Interviews, Music Articles 0

Interview: Field Medic at Treefort Music Fest

A conversation with Kevin Sullivan.

Aggie Radio: Your music has been described as freak folk. Do you think you are a freak?

Kevin: No…I mean I don’t know, it’s hard to say. I think I’m definitely abnormal. I never really fit in in the traditional sense. I actually started calling my own music freak folk way back in the day because I heard about Devendra Banhart recording on a voicemail system or whatever, and it sounded like a good tag. But I would call it freak folk or lo-fi or honestly just songwriter.

Aggie Radio: You’ve been on tour for a while, but you’ve got a break for a week after Treefort. What are you gonna do with all that time?

Kevin: I’m just gonna rest. I usually just go to my girlfriend’s house and never exit the bed. She goes to work from 9-5 and she’s great at cooking and I just lay there and contemplate, do some songwriting, try and record…but I’ve been without a permanent residence for a year and half or two, and I record everything at home, so it’s been hard to record a lot. Half of my stuff is in L.A., half of my stuff is in S.F. I’m from San Francisco but I moved to L.A. January of 2017…I moved onto my friends couch. I basically live half with my girlfriend and half with my friend in L.A.

Aggie Radio: Is it kind of nice to be so free?

Kevin: The shuffle is the worst part, but it is nice to not have anything. When I moved out of my room I gave everything away, so I have a suitcase and some trash bags full of stuff in a storage unit. It’s kinda chill.

Aggie Radio: I read that you started releasing music with your brother back in 2009.

Kevin: Yeah I had a project called Westwood and Willow, we put out an album for that in 2009 and toured a little bit and then got a drummer and changed the band name to Rin Tin Tiger, that became a rock, rhythm and blues thing. That lasted up until 2016, right about when I left for L.A.

Photo: Terran Maynard

Aggie Radio: What do you think you’ve learned since you’ve started playing music, or how you’ve grown as a musician?

Kevin: One of the most important lessons that I took away is that it’s okay to just tell the full truth in your song, or it’s best to. People relate the most to something that maybe feels uncomfortable for you to say. When I started doing Field Medic stuff, because it wasn’t my main project at the time, I had more room to experiment. Then I found the songs that were blunt feelings, people seemed to like a lot. And I liked it too, because all of a sudden I felt relieved because I was speaking the full truth. Not that I’ve ever been into lying in songs, but I think you can’t hide and you can’t ever try to be somebody else. With this project, it was just me doing exactly what I wanted. I wasn’t thinking about getting signed. I was actually going around talking about how I didn’t want to get signed when I started doing Field Medic stuff.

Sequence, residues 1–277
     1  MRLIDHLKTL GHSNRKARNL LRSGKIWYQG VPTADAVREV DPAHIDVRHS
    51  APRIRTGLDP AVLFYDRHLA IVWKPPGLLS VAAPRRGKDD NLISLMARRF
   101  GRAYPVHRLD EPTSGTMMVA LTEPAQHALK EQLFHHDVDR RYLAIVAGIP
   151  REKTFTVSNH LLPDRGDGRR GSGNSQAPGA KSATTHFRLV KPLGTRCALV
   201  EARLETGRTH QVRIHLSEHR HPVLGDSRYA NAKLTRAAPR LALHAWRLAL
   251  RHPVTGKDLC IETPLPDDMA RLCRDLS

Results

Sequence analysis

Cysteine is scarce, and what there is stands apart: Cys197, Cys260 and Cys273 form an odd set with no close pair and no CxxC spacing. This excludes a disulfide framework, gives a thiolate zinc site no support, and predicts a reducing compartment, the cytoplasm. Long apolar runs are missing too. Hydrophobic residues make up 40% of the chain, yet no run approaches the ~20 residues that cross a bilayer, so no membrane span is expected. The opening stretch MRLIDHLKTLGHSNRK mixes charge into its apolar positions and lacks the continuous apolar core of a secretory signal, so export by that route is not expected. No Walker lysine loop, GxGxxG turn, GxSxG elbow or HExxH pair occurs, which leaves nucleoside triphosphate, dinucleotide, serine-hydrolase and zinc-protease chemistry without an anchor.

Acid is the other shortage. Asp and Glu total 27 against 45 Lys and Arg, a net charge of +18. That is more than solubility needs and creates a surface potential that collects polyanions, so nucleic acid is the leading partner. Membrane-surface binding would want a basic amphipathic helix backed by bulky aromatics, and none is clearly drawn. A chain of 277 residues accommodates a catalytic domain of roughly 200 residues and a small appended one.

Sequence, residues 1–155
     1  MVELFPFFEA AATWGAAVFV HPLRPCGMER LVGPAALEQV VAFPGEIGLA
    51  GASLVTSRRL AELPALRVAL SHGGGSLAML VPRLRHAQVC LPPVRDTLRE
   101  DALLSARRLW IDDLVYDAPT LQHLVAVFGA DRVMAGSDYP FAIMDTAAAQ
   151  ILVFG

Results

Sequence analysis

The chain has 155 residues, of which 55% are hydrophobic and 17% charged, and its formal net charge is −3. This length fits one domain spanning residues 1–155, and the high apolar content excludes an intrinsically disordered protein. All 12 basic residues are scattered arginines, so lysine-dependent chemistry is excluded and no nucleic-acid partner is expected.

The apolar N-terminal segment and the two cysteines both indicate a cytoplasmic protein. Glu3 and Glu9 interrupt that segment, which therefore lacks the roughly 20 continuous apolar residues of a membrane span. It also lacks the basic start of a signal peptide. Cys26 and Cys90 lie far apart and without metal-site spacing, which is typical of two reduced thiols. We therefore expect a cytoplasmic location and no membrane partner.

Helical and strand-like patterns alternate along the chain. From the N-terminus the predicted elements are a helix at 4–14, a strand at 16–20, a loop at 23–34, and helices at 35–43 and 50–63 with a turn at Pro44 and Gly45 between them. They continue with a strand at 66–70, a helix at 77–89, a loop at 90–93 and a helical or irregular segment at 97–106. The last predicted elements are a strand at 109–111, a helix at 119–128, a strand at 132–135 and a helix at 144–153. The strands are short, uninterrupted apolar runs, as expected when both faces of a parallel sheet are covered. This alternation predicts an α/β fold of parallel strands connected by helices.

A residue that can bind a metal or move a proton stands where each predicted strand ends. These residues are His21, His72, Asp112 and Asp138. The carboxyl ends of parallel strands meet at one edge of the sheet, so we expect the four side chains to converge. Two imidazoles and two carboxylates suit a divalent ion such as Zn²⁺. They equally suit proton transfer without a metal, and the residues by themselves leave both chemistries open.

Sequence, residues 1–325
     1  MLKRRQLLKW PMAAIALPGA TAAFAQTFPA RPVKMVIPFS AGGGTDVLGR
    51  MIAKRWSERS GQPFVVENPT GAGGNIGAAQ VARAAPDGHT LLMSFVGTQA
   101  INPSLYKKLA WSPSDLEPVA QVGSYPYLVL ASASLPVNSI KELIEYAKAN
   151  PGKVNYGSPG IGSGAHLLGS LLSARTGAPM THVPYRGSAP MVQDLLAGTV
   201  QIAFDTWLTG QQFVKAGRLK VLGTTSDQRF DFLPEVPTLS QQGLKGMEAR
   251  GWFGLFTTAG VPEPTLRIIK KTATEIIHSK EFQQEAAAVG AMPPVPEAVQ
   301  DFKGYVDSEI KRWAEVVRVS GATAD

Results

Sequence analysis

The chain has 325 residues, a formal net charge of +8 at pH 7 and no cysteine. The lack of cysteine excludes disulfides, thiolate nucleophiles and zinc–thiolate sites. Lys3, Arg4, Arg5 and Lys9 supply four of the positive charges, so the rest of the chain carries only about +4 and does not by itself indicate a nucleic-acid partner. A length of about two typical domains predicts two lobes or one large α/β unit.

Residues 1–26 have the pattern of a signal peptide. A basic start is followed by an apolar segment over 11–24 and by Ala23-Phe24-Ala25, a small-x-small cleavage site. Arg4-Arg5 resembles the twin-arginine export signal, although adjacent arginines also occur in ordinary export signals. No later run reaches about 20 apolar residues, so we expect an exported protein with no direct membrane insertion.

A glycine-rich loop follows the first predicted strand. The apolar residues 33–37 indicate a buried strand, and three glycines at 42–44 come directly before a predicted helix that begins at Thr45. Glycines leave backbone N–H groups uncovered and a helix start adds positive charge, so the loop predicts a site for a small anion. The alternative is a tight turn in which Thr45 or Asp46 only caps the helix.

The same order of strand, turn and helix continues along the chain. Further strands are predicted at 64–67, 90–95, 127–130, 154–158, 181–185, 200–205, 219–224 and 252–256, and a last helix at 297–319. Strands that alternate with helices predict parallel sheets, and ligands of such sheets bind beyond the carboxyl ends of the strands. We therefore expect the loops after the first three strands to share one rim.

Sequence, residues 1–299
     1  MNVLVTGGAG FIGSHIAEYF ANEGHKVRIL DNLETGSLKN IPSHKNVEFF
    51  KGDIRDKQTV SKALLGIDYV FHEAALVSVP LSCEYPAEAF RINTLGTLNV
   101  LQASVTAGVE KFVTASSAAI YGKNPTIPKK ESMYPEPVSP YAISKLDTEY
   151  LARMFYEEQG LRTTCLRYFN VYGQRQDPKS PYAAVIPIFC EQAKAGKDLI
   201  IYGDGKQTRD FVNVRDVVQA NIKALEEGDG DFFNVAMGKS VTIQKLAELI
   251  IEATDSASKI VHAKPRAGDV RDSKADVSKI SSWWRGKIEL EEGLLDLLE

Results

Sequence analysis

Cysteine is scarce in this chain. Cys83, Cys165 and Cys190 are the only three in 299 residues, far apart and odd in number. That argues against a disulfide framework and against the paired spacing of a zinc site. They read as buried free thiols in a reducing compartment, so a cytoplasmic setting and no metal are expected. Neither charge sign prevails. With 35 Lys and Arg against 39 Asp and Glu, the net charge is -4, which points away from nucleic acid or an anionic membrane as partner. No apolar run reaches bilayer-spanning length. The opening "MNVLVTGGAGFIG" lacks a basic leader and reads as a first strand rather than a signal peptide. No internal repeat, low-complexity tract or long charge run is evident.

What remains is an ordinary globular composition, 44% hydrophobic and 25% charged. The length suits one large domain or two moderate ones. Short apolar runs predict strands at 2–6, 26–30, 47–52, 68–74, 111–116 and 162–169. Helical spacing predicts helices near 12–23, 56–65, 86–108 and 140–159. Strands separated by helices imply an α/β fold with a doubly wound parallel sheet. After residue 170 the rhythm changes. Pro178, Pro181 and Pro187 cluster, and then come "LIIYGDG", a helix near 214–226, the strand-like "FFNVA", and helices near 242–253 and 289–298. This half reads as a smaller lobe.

Aggie Radio: As an audience member, I feel like when someone sings about something in their songs, it makes me feel less alone. Realizing someone else feels that way kinda creates that community.

Kevin: Even if it’s super personal, people connect with it more. At songwriters conventions they’ll talk to you about how you need to connect with the everyman and how it has to be accessible to everyone…but if someone talks about a specific experience or even mentions someone by name, if they really mean it it resonates with other people, even if it isn’t their experience. It’s like, fuck, that was a hella real situation, and I’ve been in one kinda similar.

Aggie Radio: So you didn’t set out to get signed, but you did just recently get signed to Run For Cover. Do you like being signed?

Kevin: I do like it. I started my own label called Sunroom Records and Salon that I was running out of my house, and they let me put the logo on the vinyl. I’m getting to keep my own vibe. Run For Cover doesn’t really care what I do, I feel like I could deliver them a batch of super lo-fi freestyles and they would be like, “You wanna put this out? Okay.” I feel really lucky that happened. It’s given me more opportunities because they can help me fund a record if I want to go super hi-fi, they put everything together for me, so it’s really cool.

Aggie Radio: Where did you get the name Field Medic from?

Kevin: There’s a couple different answers and I don’t know which one is true. Firstly, it might be from the book “A Farewell to Arms” by Hemingway. That’s one of my favorite books and the protagonist is a field medic. Secondly, I’m a hypochondriac, so I’m kind of obsessed with doctors. I’m not as bad as I once was in high school, but I think that might be where the idea came from. I also think it sounds kind of spooky, which I think is a good route to go down for a moniker. Also I really love the letter F in cursive, I think that letter is really cute and emo, so that’s another reason why. I think those are all the possible reasons. When Westwood and Willow was changing our name to Rin Tin Tiger, I thought of Field Medic, but they were like, are we going to be Field Medics? Or just singular? So I was sitting on it for years. I’m a doctor, you know what I mean?